Speaking of Peter. If today we deny Jesus, He will deny us to the Father….hummmmm. How is Peter’s sin of denying Jesus three time before the rooster crows after pledging his undying allegiance to our savior hours before less of a sin than the kiss of Judas? It isn’t since we know that all sin is equal in the eyes of God. I would venture to say no one thinks Peter is in hell. I don’t even think he was all that broken up about denying Christ. But Judas, his heart torn within him could not stand to watch, to live, to face his Lord again. He judged himself and took his own life. What happens next we don’t know.

      But what I do know by using these two examples, Judas is being judged by our own standards. He is simply being judged by the “degree” of his sin in our eyes. We are mad at him based on our own limited human standards. In humanity murder is much worse of a sin than gossip….God see’s them the same. Hummmm….how often do we punish ourselves for a sin that God sees as equal to the “little” ones we don’t grieve over? How often do we let the world hold our sin by human standards and not regard our sin by God’s standard? How can we think that to deny Jesus with our “unchurched friends” by simply acting oblivious to his involvement in our lives is more forgivable than to take a bribe (dinner, lunch) to get gossip about a friend you will turn over to the people who seek to disgrace her?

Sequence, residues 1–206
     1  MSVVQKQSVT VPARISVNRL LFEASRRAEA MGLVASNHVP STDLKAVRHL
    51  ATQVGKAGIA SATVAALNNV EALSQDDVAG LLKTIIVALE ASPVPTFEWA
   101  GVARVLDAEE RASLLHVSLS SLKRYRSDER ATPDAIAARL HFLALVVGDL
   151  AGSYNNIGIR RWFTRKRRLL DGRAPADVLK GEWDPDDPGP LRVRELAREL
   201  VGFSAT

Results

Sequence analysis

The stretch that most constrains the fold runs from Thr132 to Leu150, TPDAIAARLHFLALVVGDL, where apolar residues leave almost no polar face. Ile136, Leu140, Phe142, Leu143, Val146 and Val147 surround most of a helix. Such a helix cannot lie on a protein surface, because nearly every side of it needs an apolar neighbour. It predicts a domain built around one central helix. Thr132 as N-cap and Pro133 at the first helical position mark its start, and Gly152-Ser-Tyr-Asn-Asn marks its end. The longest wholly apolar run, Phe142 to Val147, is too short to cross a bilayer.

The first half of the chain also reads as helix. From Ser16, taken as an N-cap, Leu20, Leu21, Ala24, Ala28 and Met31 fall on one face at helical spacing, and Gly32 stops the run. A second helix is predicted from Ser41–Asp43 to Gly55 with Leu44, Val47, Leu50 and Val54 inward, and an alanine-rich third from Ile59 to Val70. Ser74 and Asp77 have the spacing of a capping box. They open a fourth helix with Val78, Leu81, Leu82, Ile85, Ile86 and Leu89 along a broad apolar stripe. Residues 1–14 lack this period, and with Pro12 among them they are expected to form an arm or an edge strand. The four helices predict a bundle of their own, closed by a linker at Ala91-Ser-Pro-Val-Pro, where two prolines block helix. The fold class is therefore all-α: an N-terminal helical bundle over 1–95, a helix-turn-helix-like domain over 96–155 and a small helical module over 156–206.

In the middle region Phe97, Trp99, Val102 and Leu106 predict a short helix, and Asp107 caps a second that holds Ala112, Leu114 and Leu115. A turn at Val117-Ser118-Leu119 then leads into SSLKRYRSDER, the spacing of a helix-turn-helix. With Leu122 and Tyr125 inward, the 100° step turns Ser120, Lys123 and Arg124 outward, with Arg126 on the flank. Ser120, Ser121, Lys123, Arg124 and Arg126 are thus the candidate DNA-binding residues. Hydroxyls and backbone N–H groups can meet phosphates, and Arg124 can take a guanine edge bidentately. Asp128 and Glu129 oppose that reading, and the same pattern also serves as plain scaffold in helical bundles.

I still maintain that we don’t have enough “sight” to suggest God’s judgement on Judas. But it will be among the first 200 or so questions I ask Jesus when I get to heaven. I might even be greeted by Judas before I get the chance. 😉

      Respectfully and Filled with Love!
      Celena

      Celena Brown Williams

      February 9, 2012 at 10:36 pm